To use Cricut’s Print then Cut feature, you’ll need to calibrate your machine. Here’s a tutorial for how to calibrate both Cricut Maker and Cricut Explore so the Print then Cut feature works perfectly.
Cricut Print then Cut just got a big overhaul, and that means its time to recalibrate your Cricut Explore or Cricut Maker. Whether it’s your first time using Cricut Print then Cut or you just need to recalibrate it to use the new bigger sizes, this post will walk you through the instructions for this simple process.
If you’re unfamiliar, Cricut Print then Cut allows you to print a full-color image on your home laser or inkjet printer, and then have your Cricut cut around the edges of that printed image. You can make stickers, labels, photo artwork, sublimation prints, and more. You can learn more in my Ultimate Guide to Cricut Print then Cut.
Which Cricut Machines Use Print then Cut
Print then Cut is only available on Cricut Explore (including the original Explore, Explore One, Explore Air, Explore Air 2, and Explore 3 machines) and Cricut Maker (Cricut Maker and Cricut Maker 3) machines. Cricut Joy and older machines do not support Print then Cut because they do not have the sensors needed to read where to cut.
How to Know When to Calibrate
There are two instances when you might need to do Print then Cut calibration.
- You are using Print then Cut for the first time and you’ve never calibrated Print then Cut before.
- Cricut makes an update to Print then Cut and you are forced to do a recalibration.
In the first instance, you’ll go to the hamburger menu in the upper left of the Cricut Design Space canvas and choose Calibration.
In the second instance, Cricut will “force” a recalibration and you may be prompted to calibrate in the middle of a project.
Print then Cut Calibration
Depending on the machine you are using, the Machine Calibration window may have more options here. The Maker, for example, also has calibration for the Knife Blade and Rotary Blade. But my Explore 3 just has the Print then Cut calibration option.
Click the Print then Cut button, and you’ll be prompted to choose your printer and print a calibration page on a sheet of paper.
Once you have the calibration page printed, put it in the top left corner of a Cricut cutting mat.
Click Continue in Cricut Design Space. Select your Cricut to connect to and then Cricut Design Space will prompt you to prepare your machine. It should have the fine point blade with nothing in the other tool clamp.
Then insert your mat with the calibration page on it into your Cricut. Once loaded, press the flashing Go button.
From there, your Cricut will turn on a light in its sensors and read the black marks on the page.
After that, it will make a cut around the square in the center of the page. WITHOUT unloading the page, see how close your Cricut got to cutting on top of the black line.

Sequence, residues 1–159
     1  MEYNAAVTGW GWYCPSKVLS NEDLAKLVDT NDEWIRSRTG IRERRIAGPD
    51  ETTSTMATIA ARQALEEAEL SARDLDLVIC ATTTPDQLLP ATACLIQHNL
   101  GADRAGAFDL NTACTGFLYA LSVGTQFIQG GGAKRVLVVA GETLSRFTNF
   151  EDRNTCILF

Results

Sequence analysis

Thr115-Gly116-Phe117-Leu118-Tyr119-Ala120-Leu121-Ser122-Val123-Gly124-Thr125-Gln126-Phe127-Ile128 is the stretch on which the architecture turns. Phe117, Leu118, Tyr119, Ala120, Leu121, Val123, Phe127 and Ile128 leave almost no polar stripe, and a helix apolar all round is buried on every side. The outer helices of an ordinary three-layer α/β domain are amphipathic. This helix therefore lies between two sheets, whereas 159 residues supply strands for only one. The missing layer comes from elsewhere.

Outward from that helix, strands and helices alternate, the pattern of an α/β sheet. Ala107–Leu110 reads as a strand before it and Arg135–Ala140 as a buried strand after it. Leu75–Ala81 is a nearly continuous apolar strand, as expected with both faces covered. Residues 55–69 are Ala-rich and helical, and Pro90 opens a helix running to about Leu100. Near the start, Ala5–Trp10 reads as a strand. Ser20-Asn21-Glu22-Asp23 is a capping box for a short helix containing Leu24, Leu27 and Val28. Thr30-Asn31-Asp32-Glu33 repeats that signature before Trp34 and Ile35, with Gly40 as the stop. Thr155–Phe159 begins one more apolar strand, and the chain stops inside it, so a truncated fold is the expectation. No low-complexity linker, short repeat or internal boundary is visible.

Mine is actually pretty close, but to demonstrate what a full calibration is I’m going to choose NO, the cut did not touch the black line all the way around. This will lead to a “basic” calibration. If your cut did touch the line all the way around, you can choose YES and it will skip the basic and do a “fine” calibration.
Your Cricut will do a series of cuts along the top and right edge of your paper.
WITHOUT unloading, Cricut Design Space will ask you to examine the cut lines and see which two are the closest vertically and horizontally. Mine were 11 on the top and K on the right. Yours might be different. Put those values into Cricut Design Space and click Continue.
That’s your “basic calibration.” Now we’ll do a “fine” calibration to get it even closer. You will be prompted to remove your mat and print another calibration sheet. You’ll follow the same steps to prepare your machine and place the calibration sheet in the top left corner of the mat. Insert your mat into the machine and press that flashing Go button one more time.
Your Cricut will read the black lines and do more test cuts in the same way that it did before. If your cut is now entirely in the black square, click YES and it will proceed with the “fine” calibration. Choose the two values that are closest to the center of the line—in this case it was 12 and L for me.
Finally, your Cricut will cut the larger rectangle and it should cut on top of the black line all the way around.
In Design Space, choose YES and the calibration is complete! If not, choose NO and it will run through the same process again.
Once you’ve got it to cut all the way around the center of your black line, you’re done!
Have questions about Cricut Print then Cut calibrations or need help troubleshooting? Let me know in the comments!
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